boys cruise, 'Jerry' | Album Review | Seven Days | Vermont's Independent Voice

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boys cruise, 'Jerry'


Published October 23, 2019 at 10:00 a.m.

boys cruise, Jerry
  • boys cruise, Jerry

(Sleepyhead Music Group, digital)

I confess to having only seen boys cruise once, at a Battle of the Bands contest earlier this year. That night, the young rock group duked it out with a few other local groups to nab a slot at this year's Waking Windows festival. I was one of the judges who awarded them that prize. The quartet's unconventional performance won me over. Sketch-like vignettes connected the songs in their frenzied set, including a moment when the band members switched clothes, briefly occupying the stage in their undies.

I don't know whether what I witnessed that night was the norm for boys cruise. But the agitation and urgency that drove those interstitial segments onstage, as well as the music itself, reappear throughout Jerry, the group's debut LP — allegedly named for its deceased pet rat, BTW. The late rodent was the group's fifth J name; the others are Johnny, Jack, Jake and Joey (Clarke, Parker, Scott and Rolo, respectively). Thrashing power chords and Clarke's broken, agonized vocals convey the constant grind of finding your footing in unstable times.

"ALIEN DAWG," the first proper song after the engine-revving intro "stuck in the house," is a sweaty mess of riot-rock chanting and sexual chaos. "Down on the couch with your boyfriend / But his lips look so / Nice and sweet and pale and soft / I want them on mine / I want them on yours / I wanna watch like a fucking perv," Clarke and co. yell. It sets the album off on precarious footing. (Also, does it reference the Addison County rock band Aliendog?)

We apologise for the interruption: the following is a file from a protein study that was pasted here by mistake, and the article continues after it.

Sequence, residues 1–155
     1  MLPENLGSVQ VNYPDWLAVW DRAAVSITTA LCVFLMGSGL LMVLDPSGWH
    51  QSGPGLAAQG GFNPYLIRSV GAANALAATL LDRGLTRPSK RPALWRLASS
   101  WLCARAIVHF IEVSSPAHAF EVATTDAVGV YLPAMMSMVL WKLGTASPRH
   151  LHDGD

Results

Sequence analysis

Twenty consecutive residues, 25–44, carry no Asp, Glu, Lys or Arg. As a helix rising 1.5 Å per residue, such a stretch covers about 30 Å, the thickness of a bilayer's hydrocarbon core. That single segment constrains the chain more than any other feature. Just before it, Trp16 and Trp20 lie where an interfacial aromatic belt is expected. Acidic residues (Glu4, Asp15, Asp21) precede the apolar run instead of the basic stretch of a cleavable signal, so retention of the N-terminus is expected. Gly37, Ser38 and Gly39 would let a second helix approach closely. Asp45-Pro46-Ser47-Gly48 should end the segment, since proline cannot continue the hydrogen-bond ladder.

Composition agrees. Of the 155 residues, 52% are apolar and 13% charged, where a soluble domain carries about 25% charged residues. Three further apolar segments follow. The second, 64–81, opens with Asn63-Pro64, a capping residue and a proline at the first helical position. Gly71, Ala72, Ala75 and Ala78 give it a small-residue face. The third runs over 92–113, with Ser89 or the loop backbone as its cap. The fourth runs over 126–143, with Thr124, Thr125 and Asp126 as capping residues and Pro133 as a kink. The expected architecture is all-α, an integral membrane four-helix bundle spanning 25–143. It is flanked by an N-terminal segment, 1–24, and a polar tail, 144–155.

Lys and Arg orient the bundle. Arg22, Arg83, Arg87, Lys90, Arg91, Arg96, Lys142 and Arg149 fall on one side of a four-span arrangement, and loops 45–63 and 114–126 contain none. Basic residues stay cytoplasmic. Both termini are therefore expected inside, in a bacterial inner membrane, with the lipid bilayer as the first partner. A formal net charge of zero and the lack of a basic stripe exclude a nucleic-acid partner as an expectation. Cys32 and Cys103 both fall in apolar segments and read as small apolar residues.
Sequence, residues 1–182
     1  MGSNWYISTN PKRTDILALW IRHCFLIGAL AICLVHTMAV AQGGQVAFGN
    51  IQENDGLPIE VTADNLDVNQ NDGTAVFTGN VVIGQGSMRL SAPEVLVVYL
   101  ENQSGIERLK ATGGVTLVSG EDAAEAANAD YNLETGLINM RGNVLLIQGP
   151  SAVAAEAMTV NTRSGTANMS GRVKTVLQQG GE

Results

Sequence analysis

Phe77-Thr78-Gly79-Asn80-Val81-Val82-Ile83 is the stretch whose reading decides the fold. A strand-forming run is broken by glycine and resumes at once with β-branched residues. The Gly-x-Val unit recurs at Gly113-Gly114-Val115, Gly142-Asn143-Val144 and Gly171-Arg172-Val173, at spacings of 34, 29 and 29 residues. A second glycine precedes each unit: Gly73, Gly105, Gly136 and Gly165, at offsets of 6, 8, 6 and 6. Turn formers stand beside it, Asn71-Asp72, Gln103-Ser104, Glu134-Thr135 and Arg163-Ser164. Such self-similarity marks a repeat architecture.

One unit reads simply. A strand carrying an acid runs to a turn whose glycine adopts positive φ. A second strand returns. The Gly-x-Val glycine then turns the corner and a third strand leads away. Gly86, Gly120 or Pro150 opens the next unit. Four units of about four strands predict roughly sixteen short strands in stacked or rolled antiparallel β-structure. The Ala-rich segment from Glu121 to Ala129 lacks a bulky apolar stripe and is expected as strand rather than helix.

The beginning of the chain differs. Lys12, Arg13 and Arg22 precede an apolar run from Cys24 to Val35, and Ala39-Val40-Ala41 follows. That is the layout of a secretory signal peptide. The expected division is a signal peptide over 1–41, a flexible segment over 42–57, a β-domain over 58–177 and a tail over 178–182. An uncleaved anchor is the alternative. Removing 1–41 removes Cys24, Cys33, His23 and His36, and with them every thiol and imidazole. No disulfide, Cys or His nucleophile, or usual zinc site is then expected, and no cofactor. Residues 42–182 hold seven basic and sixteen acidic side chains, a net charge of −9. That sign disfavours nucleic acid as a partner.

Boys cruise's varied influences — classic and second-wave pop-punk, surf-rock, and doo-wop — provide good fodder across the album's 13 tracks. These touchstones occasionally manifest literally, such as the opening riff from "American Breakfast," which reimagines the classic guitar hook from Blink-182's "Dammit." Mostly, boys cruise are more subtle than that. The late '50s prom-night pastiche of "Don't You Cry (in Front of Me)" conjures the era rather than any one particular golden oldie — and distances itself further when the track nearly combusts at its midpoint.

"A Stupid Song for Stupid Me," a sincere, bleeding-heart centerpiece, is about as raw as Jerry gets. Clarke, scraping the rafters of his vocal ceiling, sings of smashing his guitar to save himself from "one more stupid song and broken heart," while his bandmates create a jagged din that swallows him up at the song's bitter end. It's somehow soft and hard, highlighting the back-and-forth thinking we often encounter when we're at our lowest.

Boys cruise aren't the only local band reimagining various eras of punkdom. But their madcap creativity and uninhibited spirit mark them as one of the freshest and most noteworthy voices to emerge in 2019.

Jerry is available at Boys cruise perform on Tuesday, October 29, at Radio Bean in Burlington.